15 Dec Friday I Noted the Drop in Oil is Not Only Threatening the Existence of Companies, but Also of Countries.
Friday I noted the drop in oil is not only threatening the existence of companies but also of countries. Perhaps the countries that are facing the gravest threat are Libya, Iran, Iraq, Nigeria, Venezuela, and Russia. Will there be unrest that leads to anarchy that leads to regime change and curtailed production? Will the Arab Spring be nothing as compared to a potential Arab Winter?
Wild thought? The countries mentioned above debt and currencies are under attack given the multipolarity and interdependency of financial markets. As most know a basic cause for domestic unrest is economic woes.
Regarding the interruption of supplies, Libya’s production dropped last month by 248,300 a day to 638,000 the result of its largest oil field being seized by purported ISIS gunmen.
According to OPEC, OPEC estimates 2015 global demand for its product is 28.9 million barrels per day. Current reported production is about 30 million. What will happen to the supply demand equation if two of the above countries go off line?
According to the International Energy Agency a drop in 1 million barrels in production can easily occur if unrest in any two of the above countries experience considerable civil unrest.
The drop in oil is also impacting the economies of the generally fiscally conservative countries such as Norway. According to Bloomberg, Norway’s cost of production is $70/barrel and according to wire reports S & P may place its AAA rating under review/developing given the drop in crude. Norway is one of the nine remaining AAA rated countries.
This week the Federal Reserve holds its final meeting of 2014. What comments will the Committee make about crude and its impact upon the domestic and global economies? As noted several times, a number of Fed officials have commented about the positive impact to growth that this drop may have upon the economies of the US, Europe and Japan.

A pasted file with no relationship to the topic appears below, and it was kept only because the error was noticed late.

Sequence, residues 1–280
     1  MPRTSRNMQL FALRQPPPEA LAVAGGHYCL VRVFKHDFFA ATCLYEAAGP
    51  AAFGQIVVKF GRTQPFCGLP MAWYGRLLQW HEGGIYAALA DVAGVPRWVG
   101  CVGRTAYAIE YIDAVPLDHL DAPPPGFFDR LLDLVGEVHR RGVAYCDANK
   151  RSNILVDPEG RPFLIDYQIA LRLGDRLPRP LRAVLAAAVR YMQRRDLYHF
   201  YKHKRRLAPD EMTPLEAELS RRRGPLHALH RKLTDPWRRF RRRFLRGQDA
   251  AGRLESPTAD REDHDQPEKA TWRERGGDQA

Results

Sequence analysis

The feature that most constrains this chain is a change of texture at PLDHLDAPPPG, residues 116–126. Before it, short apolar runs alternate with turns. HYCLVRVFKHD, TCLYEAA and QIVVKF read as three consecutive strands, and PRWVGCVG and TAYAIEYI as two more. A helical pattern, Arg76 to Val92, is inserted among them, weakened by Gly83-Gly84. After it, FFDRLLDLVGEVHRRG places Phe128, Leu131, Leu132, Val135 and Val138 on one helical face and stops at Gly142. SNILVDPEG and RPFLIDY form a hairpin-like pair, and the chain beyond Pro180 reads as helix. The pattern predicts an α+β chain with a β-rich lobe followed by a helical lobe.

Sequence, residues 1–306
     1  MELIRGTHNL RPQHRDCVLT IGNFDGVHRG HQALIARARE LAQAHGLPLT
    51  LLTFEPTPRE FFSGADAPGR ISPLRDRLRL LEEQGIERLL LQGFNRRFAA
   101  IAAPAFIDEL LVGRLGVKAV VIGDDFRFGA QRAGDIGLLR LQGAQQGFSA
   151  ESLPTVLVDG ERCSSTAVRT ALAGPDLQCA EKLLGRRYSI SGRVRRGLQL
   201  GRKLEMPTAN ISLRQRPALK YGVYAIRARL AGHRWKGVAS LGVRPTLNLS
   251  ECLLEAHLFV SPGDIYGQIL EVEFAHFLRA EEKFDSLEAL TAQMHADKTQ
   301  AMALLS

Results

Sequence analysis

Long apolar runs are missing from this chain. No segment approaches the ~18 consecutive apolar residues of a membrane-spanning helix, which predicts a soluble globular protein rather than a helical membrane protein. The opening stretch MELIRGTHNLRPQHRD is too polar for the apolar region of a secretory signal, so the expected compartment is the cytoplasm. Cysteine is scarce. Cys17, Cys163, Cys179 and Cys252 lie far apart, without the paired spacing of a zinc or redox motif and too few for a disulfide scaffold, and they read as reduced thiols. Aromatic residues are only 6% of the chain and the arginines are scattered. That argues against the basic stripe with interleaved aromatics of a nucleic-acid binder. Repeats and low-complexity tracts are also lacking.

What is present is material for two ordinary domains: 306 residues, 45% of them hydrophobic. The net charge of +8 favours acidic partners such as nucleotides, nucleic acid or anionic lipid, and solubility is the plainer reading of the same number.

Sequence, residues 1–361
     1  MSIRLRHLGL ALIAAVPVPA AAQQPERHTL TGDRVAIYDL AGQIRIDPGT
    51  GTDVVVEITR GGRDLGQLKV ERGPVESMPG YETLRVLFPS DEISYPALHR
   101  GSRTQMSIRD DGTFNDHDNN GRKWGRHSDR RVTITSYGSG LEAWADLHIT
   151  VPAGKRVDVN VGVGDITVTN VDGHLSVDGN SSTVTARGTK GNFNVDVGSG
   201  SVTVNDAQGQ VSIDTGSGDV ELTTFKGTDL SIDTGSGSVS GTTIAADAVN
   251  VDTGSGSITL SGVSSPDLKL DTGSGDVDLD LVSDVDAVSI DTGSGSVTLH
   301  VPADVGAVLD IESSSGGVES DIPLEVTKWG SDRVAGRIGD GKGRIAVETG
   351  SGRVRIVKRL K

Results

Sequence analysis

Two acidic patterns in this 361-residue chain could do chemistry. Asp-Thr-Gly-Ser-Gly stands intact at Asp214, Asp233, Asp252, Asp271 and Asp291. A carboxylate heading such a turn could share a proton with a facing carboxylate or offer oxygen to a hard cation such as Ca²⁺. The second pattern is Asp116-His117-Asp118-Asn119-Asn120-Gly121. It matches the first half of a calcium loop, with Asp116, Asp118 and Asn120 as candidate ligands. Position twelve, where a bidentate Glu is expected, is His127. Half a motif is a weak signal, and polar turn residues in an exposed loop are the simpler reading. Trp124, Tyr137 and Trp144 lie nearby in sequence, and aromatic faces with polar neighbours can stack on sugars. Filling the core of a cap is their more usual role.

Will the term “considerable period” be dropped in its post meeting statement? If so how will the markets respond?
As noted many times, the averages typically decline about 10% to 12% when the FOMC alters monetary policy. History then states in the seven tightening moves since 1970, the S & P is about 11% higher following its first interest rate hike.
To write the incredibly obvious, this week’s market action will be dictated by oil prices and the outcome of the Fed meeting. Other data released are various housing statistics, several manufacturing data points and regional manufacturing surveys and weekly jobless claims.
Commenting briefly about Friday’s market action, equities sold off on oil and treasuries rallied.
Last night the foreign markets were mixed. London was up 0.31%, Paris up 0.44% and Frankfurt up 0.34%. Japan was down 1.57% and Hang Sang down 0.95%.
The Dow should open moderately lower following one of the worst weeks in about five years. The 10-year is off 13/32 to yield 2.12%.